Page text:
Former Republican congressman Joe Walsh of Illinois said Sunday he would challenge Donald Trump for president, setting up a potential primary contest in 2020.
Walsh, who rode the wave of the tea party movement to Congress in 2010, served one term and now hosts a conservative radio show. In April, former Massachusetts Gov. William Weld said he would challenge Trump in a Republican primary, and former South Carolina governor and congressman Mark Sanford said this week he is close to deciding on whether to mount a challenge.
"I'm going to run for president," Walsh told ABC "This Week" host George Stephanopoulos. "We’ve got a guy in the White House who's unfit. Completely unfit to be president. And it stuns me that nobody stepped up, nobody in the Republican Party stepped up."
Asked by Stephanopoulos if the 25th Amendment should have been invoked to remove Trump from office, Walsh said, "It should be looked at."
Walsh, once a strong supporter of Trump and a conservative firebrand who had accused former President Barack Obama of being a Muslim, expressed remorse for his part in making politics "personal" and "ugly."
"I helped create Trump," Walsh said. "That's not an easy thing to say."
Stephanopoulos pointed to criticism that Walsh had acted as a demagogue and made sexist and racist tweets. He cited a 2017 tweet from Walsh saying, "We LOWERED the bar for Obama. He was held to a lower standard cuz he was black."
Stephanopoulos noted a few months later, Walsh tweeted that Sen. Kamala Harris (D-Calif.), now a Democratic candidate for president, "said something really dumb. Meh. If you're black and a woman, you can say dumb things. Lowered bar."
Walsh told Stephanopoulos, "I said some ugly things about President Obama that I regret. And it's difficult, but I think — I think that helped create Trump. And I feel responsible for that."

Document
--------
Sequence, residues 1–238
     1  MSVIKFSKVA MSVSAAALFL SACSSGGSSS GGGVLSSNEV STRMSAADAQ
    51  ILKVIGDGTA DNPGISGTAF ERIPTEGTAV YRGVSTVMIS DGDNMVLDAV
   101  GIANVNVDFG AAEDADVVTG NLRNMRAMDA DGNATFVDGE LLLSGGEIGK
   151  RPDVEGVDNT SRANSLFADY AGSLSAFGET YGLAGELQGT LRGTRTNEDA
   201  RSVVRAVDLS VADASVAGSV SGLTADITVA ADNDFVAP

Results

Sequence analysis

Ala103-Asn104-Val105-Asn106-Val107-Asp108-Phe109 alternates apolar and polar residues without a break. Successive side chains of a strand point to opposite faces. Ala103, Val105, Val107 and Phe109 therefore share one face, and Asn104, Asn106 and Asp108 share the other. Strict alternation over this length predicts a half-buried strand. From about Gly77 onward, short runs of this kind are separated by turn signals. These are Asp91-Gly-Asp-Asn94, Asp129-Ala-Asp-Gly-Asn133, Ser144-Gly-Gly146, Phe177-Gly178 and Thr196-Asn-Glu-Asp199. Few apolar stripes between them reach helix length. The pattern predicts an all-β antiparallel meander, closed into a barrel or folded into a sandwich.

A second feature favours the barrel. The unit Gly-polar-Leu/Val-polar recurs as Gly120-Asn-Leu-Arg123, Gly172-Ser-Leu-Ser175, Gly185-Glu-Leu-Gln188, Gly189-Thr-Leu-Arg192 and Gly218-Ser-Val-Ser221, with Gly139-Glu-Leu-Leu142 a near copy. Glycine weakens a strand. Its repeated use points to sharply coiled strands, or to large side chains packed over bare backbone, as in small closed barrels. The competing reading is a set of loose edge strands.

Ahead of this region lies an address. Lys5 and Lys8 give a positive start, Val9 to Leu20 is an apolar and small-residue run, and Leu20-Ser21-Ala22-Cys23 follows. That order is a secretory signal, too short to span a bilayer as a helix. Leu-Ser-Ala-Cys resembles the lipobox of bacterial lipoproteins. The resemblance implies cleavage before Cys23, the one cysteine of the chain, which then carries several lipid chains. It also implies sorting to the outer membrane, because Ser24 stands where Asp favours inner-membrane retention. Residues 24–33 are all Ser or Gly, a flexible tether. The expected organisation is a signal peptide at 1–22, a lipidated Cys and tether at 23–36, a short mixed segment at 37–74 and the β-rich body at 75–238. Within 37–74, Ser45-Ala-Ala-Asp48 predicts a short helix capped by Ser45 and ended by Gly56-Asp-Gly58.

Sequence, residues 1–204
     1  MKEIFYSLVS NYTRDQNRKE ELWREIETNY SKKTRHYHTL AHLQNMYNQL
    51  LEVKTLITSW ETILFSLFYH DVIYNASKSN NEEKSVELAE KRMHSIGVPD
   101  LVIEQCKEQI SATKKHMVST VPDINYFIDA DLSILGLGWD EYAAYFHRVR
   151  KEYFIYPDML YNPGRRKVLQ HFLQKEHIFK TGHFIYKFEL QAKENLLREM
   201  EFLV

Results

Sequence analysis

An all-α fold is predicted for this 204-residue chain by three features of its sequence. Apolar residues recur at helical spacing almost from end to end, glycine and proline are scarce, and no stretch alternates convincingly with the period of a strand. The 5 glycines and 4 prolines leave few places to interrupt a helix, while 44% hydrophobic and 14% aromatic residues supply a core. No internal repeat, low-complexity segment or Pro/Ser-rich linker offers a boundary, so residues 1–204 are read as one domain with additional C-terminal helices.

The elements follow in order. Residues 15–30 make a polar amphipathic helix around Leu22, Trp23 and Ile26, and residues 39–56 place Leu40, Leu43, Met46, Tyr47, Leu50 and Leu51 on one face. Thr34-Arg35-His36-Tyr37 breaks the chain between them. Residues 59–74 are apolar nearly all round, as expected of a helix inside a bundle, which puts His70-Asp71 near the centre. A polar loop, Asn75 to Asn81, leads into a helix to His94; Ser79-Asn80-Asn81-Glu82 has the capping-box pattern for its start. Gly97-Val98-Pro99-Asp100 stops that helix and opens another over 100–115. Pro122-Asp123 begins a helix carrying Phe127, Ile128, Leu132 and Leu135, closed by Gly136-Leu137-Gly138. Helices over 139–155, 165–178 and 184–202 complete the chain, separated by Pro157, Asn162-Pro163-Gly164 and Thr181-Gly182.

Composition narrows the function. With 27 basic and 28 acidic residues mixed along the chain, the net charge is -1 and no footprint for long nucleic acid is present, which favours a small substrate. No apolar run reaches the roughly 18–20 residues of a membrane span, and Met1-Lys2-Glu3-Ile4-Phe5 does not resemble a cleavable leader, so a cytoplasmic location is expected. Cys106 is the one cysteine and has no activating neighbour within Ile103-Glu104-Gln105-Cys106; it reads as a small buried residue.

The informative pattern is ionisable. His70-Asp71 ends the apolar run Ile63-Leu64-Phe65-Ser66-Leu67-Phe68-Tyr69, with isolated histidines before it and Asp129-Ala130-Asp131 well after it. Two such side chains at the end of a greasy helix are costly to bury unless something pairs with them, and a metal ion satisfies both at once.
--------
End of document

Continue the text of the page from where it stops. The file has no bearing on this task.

"We have a guy in the White House who's never apologized for anything he's done or said," Walsh said. "I think it's a weakness not to apologize."
Walsh said the president lost credibility with him after signaling support last year for Russian President Vladimir Putin's claim that Russia did not interfere in the 2016 U.S. presidential election. Trump made the claim after a U.S.-Russia summit in Helsinki, despite U.S. intelligence suggesting otherwise.
"That's disloyal, that's un-American," Walsh said.
Weld, who appeared on NBC's "Meet the Press" Sunday, said he was "thrilled" about Walsh's entry, as well as a possible challenge from Sanford.
Weld said he hoped enough candidates would enter the field to trigger televised Republican primary debates. "I hope more as well, it can only contribute to more robust dialogue, and that will be good for the country," Weld told NBC's Chuck Todd. "We need to assemble rational people. Sure, a crazed president makes the stock market go down, but that doesn't mean we have to like it."